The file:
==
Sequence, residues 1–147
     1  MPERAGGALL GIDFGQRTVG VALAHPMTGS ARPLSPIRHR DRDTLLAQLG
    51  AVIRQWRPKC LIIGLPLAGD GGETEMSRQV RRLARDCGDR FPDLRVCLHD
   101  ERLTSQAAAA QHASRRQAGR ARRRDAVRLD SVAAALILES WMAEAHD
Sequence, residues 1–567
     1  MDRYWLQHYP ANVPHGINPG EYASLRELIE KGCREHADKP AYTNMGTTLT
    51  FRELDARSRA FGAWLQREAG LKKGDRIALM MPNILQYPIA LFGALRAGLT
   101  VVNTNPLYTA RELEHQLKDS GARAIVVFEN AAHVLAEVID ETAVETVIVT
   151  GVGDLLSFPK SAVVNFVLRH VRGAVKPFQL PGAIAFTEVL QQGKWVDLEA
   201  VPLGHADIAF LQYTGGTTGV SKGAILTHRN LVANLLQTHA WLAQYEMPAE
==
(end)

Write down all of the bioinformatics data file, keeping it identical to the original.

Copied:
Sequence, residues 1–147
     1  MPERAGGALL GIDFGQRTVG VALAHPMTGS ARPLSPIRHR DRDTLLAQLG
    51  AVIRQWRPKC LIIGLPLAGD GGETEMSRQV RRLARDCGDR FPDLRVCLHD
   101  ERLTSQAAAA QHASRRQAGR ARRRDAVRLD SVAAALILES WMAEAHD
Sequence, residues 1–567
     1  MDRYWLQHYP ANVPHGINPG EYASLRELIE KGCREHADKP AYTNMGTTLT
    51  FRELDARSRA FGAWLQREAG LKKGDRIALM MPNILQYPIA LFGALRAGLT
   101  VVNTNPLYTA RELEHQLKDS GARAIVVFEN AAHVLAEVID ETAVETVIVT
   151  GVGDLLSFPK SAVVNFVLRH VRGAVKPFQL PGAIAFTEVL QQGKWVDLEA
   201  VPLGHADIAF LQYTGGTTGV SKGAILTHRN LVANLLQTHA WLAQYEMPAE